Joel describes it as by far his best season to date. It isn’t hard to see why. Captaining his club
side to a domestic title, shortly before captaining his country to a world title. He may have
been part of two extremely talented groups, but nevertheless, it is a commendation of his leadership.
“The coach [Steve Cooper] had a lot of respect for me from watching me play at club level
where I captained the teams at youth level at Man City. I’ve never been scared to state my opinion. Say if we’re in a set-piece meeting and I see something that maybe the coaches want to do different I would say, ‘what about if we do this, what about if we do that?’”
He’s no shrinking violet, and he’s not one to hide his opinions for fear of speaking out of turn. A self-proclaimed aggressive centre-back, Latibeaudiere talks the talk and backs it up on the pitch.
His rise was following a similar trajectory to some of his currently more-established team-mates, playing and, on occasion, captaining Manchester City’s Ui-23 side at the age of 18. That was before a knee injury kept him out of action for the best part of a year. Sustained in September 2018, he would not return to the pitch until August 2019.
“It was obviously not the best of times to pick up an injury but things happen and you have to get over them to overcome them,” he insists. "I wanted to push to go out on loan that January window, just so I could get a half-season playing men’s football, so the injury prevented me from doing that.”
Over 300 days later, Joel retook to the field in a big game against Tottenham Hotspur U-23s.
“Knowing I could play in that [game] after my injury, that’s what gave me the motivation like, ‘yeah, I’m still here, I’m still the player that I am.’”
Joel returns to the mentality he feels he has forged multiple times throughout our interview. He is an advocate of mental toughness, but concedes his lay-off was more psychologically draining than he anticipated. Not one to rest on his laurels, as no England captain should, his recovery from the knee injury incorporated much work off the pitch.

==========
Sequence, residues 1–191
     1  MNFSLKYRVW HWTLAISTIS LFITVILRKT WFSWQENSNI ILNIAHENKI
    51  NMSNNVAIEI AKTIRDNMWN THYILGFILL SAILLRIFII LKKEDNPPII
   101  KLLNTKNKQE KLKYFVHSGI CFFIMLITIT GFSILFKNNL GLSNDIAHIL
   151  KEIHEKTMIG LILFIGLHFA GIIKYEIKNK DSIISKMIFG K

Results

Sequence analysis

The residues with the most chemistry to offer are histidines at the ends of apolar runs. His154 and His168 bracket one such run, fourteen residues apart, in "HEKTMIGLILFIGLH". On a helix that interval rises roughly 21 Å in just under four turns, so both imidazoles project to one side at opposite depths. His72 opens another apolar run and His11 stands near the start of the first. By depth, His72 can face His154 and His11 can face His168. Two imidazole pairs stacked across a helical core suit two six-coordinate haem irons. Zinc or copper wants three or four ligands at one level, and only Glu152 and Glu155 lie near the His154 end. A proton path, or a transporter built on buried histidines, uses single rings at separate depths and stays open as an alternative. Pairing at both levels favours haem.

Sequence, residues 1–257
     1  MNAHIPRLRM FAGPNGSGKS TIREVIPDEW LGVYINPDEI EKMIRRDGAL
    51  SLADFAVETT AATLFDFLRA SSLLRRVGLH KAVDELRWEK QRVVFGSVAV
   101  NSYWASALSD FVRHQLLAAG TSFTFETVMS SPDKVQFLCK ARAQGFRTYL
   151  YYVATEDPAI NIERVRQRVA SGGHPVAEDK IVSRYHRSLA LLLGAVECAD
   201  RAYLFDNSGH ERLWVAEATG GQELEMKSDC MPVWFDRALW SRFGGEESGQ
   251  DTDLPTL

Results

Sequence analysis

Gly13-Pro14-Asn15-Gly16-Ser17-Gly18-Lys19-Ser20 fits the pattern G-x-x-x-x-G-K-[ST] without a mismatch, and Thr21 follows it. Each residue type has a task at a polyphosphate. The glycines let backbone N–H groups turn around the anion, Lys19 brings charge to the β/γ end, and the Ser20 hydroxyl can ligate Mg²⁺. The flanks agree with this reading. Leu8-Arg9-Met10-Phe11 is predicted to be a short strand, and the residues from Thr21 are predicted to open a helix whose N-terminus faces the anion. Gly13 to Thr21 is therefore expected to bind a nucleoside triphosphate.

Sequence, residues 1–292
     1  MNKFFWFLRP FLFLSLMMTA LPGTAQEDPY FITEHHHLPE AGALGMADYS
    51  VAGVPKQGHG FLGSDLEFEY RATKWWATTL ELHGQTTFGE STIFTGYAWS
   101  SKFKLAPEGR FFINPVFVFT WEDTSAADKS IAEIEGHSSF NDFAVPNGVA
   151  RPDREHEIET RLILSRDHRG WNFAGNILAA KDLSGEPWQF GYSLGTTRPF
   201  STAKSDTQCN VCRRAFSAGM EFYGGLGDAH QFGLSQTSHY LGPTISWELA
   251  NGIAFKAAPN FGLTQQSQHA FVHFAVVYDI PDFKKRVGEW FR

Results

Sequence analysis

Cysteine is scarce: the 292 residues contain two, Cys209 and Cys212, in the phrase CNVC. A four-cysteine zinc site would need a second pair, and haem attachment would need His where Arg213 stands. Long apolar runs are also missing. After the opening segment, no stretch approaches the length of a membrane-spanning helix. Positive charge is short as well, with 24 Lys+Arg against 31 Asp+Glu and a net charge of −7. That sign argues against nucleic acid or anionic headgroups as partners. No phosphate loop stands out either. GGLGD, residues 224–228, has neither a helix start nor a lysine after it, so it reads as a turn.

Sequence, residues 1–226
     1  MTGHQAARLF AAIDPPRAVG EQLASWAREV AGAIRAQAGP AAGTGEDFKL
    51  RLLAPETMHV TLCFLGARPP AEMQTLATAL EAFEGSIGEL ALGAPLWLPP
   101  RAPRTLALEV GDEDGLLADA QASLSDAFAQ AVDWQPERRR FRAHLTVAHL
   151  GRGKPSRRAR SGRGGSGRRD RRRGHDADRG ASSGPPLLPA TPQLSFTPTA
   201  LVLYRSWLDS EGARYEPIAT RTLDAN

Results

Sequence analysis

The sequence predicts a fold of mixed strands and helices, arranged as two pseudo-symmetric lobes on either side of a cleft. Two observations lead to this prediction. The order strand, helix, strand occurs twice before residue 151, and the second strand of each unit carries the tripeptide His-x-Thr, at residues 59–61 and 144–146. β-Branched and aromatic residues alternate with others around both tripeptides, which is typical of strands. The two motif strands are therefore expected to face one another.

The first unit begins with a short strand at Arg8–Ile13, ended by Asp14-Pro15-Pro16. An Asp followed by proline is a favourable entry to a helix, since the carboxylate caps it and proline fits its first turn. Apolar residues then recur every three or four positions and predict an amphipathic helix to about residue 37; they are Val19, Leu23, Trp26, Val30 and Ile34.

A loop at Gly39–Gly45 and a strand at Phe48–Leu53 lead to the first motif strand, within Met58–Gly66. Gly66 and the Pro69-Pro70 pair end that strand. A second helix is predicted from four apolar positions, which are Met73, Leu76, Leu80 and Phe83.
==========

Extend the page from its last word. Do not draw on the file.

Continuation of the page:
“I did a lot of strength training so I could come back stronger, worked on what I wasn’t the best at so I did analysis and loads of things like that, watched my games so when I was back I could try and implement that,” he says of his 11 months out of action.
Latibeaudiere had initially recovered, before being dealt a crushing setback, injuring the same knee meaning he would have to begin his recovery from scratch. Almost a year out of the game when he had barely established himself as a footballer was far from ideal.
Nevertheless, the England youth international is now playing at U-20 level for his country, and captaining the team once again. He has recently turned 20 years-old himself and spent much of last summer co-ordinating with Manchester City’s scouts and loans team in an attempt to find a suitable club where he could play first-team football.
Clearly tuned in to the footballing world outside of his Sky Blue bubble, Joel waxes lyrical of the Eredivisie and its reputation for developing young players.
“I’ve seen a lot of young players go to Holland and come back better players; the likes of [Manchester City team-mate] Matt Smith, Mason Mount and obviously the youngsters that come through at Ajax and everything, that’s why I ended up going to Holland.”
Unafraid to speak up and unafraid to tread a path taken by his U-17 World Cup team-mate Jadon Sancho, Latibeaudiere embarked on a season-long loan with a foreign side: FC Twente.
“Obviously, living abroad was massive,” he says, speaking fondly and sentimentally about his experience. I got used to it quite quick, the team took me in, it was a great group of lads. The hardest thing for me to get used to was definitely the football.”
It may come as a surprise to many that a leading Manchester City youth-team player found football the most difficult thing to acclimatise to, but Joel articulates himself well in describing the transition.